One of the strangest reactions to last week’s budget was that it was dangerously expansionary. This is quite bizarre, particularly when the economy has so much spare capacity. When you have a rate of unemployment twice that of your nearest and most important trading partners and when your rate of interest is lower than theirs, what is the world telling you?
It is telling you that there is excess capacity everywhere in the economy; there is plenty of room to grow and plenty of scope to invest. High levels of Irish unemployment and historically low interest rates, plus a current account surplus – it all means that the economy can’t possibly be overheating or anywhere near to it.
A current account surplus of nearly €3 billion was registered in the three months to June of this year. This means that in the three months to June of this year, Irish people and companies saved €3 billion more than we spent. That doesn’t strike me as an economy in danger of hurtling out of control. In fact, it appears to be an economy that is not spending enough. It is not an economy with too much demand.
This is also an economy with a dramatic housing shortage and a rate of inflation that is actually falling, not rising. According to the CSO, consumer prices in Ireland decreased by 0.3 per cent year-on-year last month. And what about wages, are they rising rapidly? No they are not.
In short, there is scant evidence of the economy overheating. With a rate of unemployment of 10 per cent, the idea that the economy is operating at full throttle is an insult to all those thousands of people who are available for work and can’t find any.
Yet during the week, it was impossible to turn on the radio without hearing an economist or seven, warn the government about expansionary budgets. Some strange outfit called the “fiscal council” – which has yet to explain why it exists – was warning about the dangers of too much expansion.
Apparently the “fiscal council” got their numbers wrong last week, which is okay because we all make mistakes. I am less worried about their numbers than their understanding of economics. The notion that the economy is expanding into dangerous territory is weird because the economy has loads of spare capacity to grow and there is no danger of overheating – anywhere.
Look at this checklist.
The housing market has too few houses, the labour market has too few jobs and hundreds of thousands of idle people looking for work, the current account is in dramatic surplus, the rate of interest has never been lower and there has never been so much money on deposit in the banking system. Large swathes of rural Ireland are economically crippled and in farming, Ireland’s biggest indigenous industry, deflation not inflation is the problem.
Rarely have arguments for public investment in housing in the right place, broadband in the right place and education in the right sectors been more compelling.
Today, the state in partnership with whomsoever it wants to do business with, can borrow at rates never entertained before to invest in projects that have been on hold for years.
However, it appears that most of the “respectable” economists are screaming caution. These are largely the same “soft landing brigade” who told you that the housing market wouldn’t crash.
In truth, the problem today with the budget is not that it was too expansionary, but that it wasn’t expansionary enough.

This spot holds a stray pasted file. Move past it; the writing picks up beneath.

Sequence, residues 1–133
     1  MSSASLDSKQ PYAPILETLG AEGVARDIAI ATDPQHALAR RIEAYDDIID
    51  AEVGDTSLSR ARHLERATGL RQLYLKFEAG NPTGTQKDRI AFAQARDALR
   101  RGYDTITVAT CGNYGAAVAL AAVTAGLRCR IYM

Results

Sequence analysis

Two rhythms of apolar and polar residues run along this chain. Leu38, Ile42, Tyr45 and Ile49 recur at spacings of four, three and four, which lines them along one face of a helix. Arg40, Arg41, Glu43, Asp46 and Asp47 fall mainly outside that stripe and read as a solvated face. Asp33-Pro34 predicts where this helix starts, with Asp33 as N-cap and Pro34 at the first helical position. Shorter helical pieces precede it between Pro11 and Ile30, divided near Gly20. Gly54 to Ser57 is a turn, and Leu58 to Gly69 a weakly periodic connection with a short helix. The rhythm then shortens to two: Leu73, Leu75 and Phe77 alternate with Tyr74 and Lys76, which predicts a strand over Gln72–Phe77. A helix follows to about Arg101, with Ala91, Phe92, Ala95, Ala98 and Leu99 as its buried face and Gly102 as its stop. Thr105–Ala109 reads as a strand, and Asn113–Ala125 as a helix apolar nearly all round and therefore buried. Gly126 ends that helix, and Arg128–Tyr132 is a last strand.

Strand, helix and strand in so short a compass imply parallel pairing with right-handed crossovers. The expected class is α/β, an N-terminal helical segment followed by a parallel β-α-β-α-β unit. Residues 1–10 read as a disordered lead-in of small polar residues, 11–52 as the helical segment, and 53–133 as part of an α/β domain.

All the indicators suggests that, while consumer spending may be back and certain parts of the south Dublin housing market were/are a bit frothy, there is no evidence of too much demand. There is still significant evidence of spare capacity – and the most telling indicator is unemployment.
Just before you think I am overlooking the job creation that is occurring, I am not. What I am saying is the level of job creation needs to keep going at an even faster rate to reduce the rate of unemployment down to acceptable levels. In order to achieved this, we have to maintain demand or amplify it.
I am writing this article from Lexington Avenue in New York. Chatting to Americans here its clear that they would not countenance 10 per cent unemployment. They simply wouldn’t tolerate it.
The American establishment is only now beginning to think about raising interest rates off zero after unemployment has come down to 5 per cent from 11 per cent at its peak.
The US still runs a budget deficit and America believes that low unemployment is a target for the central bank. It seem to me to be a much more humane policy than our obsession with government deficits which the whole world wants to finance.
In Ireland, we tolerate double-digit levels of unemployment and yet are intolerant of government spending. Why not target unemployment, rather than the budget deficit or some other notional ratio?
Employment is related to the growth rate and higher employment will bring down the debt targets anyway. Think about it for a minute. The higher the national income, the higher the level of employment and the lower the level of unemployment. And because the targets such as the budget deficit are always expressed as a proportion of income, if income is rising quickly, the debt ratio will fall on its own.
Rather than thinking differently, it seems that the economic establishment is suffering another bout of “groupthink”. Last time it was the ‘soft landing”, this time it is the “hard expansion”. The truth is there is no real evidence of this dangerous expansion.
Our aim should be to bring unemployment down to the level of that of our neighbours and do it quickly. This means more, not less demand.
The problems associated with full employment are problems we can deal with. Bring them on.
There is little danger of the economy overheating, so why are economists making worried noises about a spendthrift budget?